Grief can be a powerful emotion and often detrimental to one’s life journey. It’s also a fundamental part of what it means to be human, said Mark Lucero, a grief specialist and founder of Pathways Counseling in Coupeville.
Accepting that grief, and empowering individuals with the tools to move forward in life, is the primary purpose of Lucero and spiritual mentor Charlene Ray’s 10-week program, The Poetic Path of Grief. The program, to be held from Sept. 20 – Nov. 19, will incorporate poetry, healing touchstones, nature and companionship during a path of inner discovery and enlightenment. Snapshots of what each of the 10 meetings will look like came in the form of two free introductory sessions on Aug. 2 at Healing Circles Langley and on Aug. 11 at Pathways Counseling in Coupeville.
Ray, who is also the coordinator for Island County’s school-based mental health program, believes that to heal one’s grief, one must confront it. Poetry and the other components of the program can serve as a means of unlocking repressed emotions, Ray and Lucero said.
“Sometimes it’s just a line in a poem that strikes a chord in the heart and spirit,” Ray said. “It can be heart opening and moving. I’ve had people tell me that a particular poem changed their life.”
Each class will feature a poem reading and a healing touchstone tailored with a specific message, such as opening up to the presence of loss, embracing the uniqueness of one’s grief and appreciating transformation. The touchstones and their meanings come from a book, “Understanding Your Grief” by Dr. Alan Wolfelt.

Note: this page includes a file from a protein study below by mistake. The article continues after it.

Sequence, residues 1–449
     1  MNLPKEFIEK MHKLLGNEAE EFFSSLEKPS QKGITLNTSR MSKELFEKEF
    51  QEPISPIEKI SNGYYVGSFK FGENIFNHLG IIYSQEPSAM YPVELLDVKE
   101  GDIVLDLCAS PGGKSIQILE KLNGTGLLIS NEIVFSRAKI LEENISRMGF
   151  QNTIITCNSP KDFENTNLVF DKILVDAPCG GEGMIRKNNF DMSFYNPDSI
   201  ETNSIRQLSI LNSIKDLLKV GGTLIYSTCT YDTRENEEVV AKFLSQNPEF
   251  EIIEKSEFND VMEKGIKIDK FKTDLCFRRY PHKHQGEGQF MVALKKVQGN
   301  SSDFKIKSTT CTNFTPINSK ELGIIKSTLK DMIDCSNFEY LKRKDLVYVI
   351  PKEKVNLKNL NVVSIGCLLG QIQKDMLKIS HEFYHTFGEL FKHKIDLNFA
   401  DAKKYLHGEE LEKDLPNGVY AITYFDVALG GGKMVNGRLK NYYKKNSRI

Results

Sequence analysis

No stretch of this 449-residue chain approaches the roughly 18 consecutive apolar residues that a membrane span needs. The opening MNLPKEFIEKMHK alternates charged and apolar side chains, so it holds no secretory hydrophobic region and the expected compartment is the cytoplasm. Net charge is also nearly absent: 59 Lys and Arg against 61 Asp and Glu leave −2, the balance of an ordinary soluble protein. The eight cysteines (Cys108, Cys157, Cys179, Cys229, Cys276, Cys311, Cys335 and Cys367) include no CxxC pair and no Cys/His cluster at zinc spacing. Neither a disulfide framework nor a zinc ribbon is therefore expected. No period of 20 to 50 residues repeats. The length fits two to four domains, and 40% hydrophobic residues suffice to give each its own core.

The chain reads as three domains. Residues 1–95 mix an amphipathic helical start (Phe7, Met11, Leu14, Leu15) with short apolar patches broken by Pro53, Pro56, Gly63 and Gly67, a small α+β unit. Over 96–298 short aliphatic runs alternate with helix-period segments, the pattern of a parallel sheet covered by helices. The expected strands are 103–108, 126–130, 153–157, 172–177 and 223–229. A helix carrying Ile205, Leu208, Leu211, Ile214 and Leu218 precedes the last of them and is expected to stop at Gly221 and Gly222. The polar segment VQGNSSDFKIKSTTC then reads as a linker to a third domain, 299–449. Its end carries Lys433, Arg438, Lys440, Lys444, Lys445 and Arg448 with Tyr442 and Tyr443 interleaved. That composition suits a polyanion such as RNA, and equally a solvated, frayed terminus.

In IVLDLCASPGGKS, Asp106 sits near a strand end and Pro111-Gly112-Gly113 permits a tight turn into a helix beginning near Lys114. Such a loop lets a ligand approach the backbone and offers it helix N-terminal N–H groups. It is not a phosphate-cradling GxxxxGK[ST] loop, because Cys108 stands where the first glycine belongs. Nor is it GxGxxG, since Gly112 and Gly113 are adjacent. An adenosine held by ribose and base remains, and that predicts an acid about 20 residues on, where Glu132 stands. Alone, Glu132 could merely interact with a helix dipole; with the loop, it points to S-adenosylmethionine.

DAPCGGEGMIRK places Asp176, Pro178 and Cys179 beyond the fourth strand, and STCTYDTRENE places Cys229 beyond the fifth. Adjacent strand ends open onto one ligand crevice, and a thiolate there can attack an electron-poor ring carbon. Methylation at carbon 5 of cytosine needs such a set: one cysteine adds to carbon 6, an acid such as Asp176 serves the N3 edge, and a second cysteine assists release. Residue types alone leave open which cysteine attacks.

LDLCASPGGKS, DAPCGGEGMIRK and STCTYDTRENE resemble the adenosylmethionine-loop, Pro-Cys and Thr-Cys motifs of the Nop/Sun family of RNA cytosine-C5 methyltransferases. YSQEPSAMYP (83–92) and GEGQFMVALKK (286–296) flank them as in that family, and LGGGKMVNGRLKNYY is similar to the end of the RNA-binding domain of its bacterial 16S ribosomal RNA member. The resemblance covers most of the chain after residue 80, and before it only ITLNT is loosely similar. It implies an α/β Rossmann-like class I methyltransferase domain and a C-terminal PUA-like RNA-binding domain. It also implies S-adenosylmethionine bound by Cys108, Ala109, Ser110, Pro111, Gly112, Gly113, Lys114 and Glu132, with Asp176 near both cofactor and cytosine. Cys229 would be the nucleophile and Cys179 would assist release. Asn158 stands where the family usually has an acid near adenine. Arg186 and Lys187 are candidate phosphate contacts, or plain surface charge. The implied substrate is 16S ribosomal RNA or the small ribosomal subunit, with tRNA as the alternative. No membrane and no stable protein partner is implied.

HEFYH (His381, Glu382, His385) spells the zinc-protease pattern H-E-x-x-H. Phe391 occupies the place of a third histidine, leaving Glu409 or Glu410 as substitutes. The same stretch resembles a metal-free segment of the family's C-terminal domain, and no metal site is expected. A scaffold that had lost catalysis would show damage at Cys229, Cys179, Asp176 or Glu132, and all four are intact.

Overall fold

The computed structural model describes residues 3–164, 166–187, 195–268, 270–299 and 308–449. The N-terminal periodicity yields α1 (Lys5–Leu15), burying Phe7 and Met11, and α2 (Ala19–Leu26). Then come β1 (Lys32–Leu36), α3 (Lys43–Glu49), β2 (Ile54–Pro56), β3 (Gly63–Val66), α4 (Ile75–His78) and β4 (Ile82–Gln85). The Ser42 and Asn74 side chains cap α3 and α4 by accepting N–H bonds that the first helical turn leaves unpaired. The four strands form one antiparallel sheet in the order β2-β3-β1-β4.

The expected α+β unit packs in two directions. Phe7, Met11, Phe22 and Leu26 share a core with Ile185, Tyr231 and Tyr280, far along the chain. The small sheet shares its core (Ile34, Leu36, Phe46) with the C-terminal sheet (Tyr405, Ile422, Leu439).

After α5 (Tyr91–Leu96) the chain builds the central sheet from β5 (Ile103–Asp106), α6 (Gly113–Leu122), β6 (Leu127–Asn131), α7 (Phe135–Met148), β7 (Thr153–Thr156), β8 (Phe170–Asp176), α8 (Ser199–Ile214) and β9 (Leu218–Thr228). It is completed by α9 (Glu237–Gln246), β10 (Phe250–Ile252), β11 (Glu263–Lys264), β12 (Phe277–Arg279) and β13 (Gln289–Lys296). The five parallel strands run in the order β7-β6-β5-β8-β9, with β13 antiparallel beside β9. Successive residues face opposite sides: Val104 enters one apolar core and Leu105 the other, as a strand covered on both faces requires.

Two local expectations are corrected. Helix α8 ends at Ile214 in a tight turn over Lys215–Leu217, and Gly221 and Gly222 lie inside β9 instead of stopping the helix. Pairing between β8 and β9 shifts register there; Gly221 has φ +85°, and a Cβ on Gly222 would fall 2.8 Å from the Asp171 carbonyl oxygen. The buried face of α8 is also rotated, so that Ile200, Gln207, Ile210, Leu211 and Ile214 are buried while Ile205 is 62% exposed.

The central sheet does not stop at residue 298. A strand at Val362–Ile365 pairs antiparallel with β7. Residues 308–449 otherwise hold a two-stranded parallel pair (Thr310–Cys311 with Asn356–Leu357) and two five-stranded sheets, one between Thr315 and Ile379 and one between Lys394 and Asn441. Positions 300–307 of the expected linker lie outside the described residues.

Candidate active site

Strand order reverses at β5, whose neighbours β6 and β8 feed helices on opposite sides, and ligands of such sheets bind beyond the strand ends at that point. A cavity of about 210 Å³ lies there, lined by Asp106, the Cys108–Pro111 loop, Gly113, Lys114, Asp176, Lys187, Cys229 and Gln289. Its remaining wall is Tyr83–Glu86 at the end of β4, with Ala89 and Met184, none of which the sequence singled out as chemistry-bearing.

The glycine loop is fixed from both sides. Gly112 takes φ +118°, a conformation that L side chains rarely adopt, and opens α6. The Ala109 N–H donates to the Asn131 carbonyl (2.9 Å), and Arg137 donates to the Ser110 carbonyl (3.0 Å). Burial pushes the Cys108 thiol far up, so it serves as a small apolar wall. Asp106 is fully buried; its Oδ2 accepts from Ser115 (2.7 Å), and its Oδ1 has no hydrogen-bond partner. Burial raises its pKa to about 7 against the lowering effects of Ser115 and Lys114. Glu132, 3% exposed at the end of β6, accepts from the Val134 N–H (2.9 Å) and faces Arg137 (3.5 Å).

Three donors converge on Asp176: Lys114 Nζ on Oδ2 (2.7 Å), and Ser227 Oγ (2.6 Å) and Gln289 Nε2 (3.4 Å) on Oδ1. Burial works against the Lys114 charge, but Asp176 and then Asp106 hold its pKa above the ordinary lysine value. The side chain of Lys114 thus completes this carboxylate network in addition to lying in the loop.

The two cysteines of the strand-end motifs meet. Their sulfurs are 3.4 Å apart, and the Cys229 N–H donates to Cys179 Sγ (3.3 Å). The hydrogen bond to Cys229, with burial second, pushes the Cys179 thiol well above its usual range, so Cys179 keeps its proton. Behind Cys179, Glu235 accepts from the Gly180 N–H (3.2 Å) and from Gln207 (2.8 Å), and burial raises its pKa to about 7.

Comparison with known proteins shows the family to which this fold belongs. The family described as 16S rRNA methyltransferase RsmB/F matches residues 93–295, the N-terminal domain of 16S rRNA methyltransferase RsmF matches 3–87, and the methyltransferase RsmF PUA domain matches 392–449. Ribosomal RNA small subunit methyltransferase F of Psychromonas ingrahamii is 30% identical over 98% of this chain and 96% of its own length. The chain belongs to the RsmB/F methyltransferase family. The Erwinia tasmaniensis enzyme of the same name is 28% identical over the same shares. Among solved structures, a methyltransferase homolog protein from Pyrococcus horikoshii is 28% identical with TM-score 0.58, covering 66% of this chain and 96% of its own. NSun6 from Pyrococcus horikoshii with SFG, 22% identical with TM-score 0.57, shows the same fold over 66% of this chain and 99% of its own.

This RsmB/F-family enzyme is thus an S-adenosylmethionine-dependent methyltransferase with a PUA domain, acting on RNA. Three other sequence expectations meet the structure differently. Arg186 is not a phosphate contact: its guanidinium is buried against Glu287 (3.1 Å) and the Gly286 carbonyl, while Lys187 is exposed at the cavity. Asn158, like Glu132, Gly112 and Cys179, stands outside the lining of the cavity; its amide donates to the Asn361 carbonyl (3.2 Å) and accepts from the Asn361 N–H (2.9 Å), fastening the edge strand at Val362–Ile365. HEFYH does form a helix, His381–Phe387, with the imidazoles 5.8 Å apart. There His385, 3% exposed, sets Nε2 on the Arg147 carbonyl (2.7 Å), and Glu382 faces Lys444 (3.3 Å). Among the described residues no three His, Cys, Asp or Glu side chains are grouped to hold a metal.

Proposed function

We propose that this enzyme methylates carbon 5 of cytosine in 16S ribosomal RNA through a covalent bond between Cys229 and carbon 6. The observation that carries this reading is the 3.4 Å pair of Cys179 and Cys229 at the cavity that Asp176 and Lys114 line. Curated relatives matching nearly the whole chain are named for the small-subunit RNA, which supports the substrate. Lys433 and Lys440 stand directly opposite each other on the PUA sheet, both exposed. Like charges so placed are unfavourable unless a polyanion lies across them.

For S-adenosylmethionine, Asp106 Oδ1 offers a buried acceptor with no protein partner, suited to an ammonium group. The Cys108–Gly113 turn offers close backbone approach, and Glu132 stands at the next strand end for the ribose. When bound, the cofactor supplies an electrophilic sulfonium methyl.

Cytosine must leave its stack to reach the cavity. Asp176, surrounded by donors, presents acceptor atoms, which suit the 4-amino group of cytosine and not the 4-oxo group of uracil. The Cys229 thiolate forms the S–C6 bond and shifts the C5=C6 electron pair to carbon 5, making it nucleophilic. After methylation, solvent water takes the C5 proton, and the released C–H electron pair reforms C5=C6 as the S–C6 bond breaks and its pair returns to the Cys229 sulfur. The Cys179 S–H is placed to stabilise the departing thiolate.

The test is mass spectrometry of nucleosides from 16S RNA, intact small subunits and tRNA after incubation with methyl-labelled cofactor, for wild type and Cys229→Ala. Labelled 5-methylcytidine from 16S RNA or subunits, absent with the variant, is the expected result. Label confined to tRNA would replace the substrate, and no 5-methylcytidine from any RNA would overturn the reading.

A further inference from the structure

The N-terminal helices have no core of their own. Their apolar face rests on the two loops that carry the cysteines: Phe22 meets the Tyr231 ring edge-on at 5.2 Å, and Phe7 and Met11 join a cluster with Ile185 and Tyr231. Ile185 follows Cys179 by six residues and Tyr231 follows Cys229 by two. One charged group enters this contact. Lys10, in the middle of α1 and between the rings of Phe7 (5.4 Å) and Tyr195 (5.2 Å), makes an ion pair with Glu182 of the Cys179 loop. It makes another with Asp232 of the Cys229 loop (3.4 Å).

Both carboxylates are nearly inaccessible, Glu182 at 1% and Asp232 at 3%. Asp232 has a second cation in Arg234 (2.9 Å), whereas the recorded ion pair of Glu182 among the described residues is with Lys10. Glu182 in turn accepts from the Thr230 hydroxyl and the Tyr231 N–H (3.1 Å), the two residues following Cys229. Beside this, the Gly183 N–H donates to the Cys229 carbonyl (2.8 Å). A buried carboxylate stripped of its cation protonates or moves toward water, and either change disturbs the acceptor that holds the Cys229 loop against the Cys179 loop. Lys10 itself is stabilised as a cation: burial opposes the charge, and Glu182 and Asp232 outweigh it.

Nature, silence and sharing will also be included during each session, culminating on Nov. 19 with an all-day retreat.
The program can address issues ranging from the loss of a loved one to life transitions, such as a divorce or retirement.
For Lucero, the need for the innovative program is apparent. He said no one navigating through grief should do it alone, and that it can be particularly effective if addressed with community support. He said that historically when someone was mourning, they would wear black as a signal for the community to get around that person and support them.
“We don’t have those outward expressions anymore,” Lucero said. “Most of them are invisible nowadays.”
Lucero said there are also misconceptions about grief, including the assertion that it is something one overcomes and then leaves behind.
“Our point of view is that grieving continues for a long time, so what’s needed is to integrate the reality of the loss, come to a place to acknowledge that reality, and build that into their lives,” Lucero said.
Ray can attest to Lucero’s sentiments. She was battling grief during an interview with The Record Wednesday afternoon. Exactly 41 years prior, Ray’s father died. Ray was 13.
At the time, those around her refrained from speaking about the loss. The combination of sadness and despair took hold in Ray, who later turned her feelings of loss into a lifelong ambition of helping others in similar situations. In the time since her father’s death, her pain has become less powerful, though it is still present, she said.
“I think if anyone participates in this program and experiences the touchstones and the poems and the time in nature, they can’t help but think differently or feel differently about their grief,” Ray said. “It’s a really powerful combination.”
“If you put them together, I think it truly is transformational,” she added.
The cost for the program is $325, which includes materials. A $100 deposit is required to register. Scholarships and payment plans are also available. To register, contact Mark Lucero at 360-320-1898 or email@example.com, or Charlene Ray at 360-320-4443 or firstname.lastname@example.org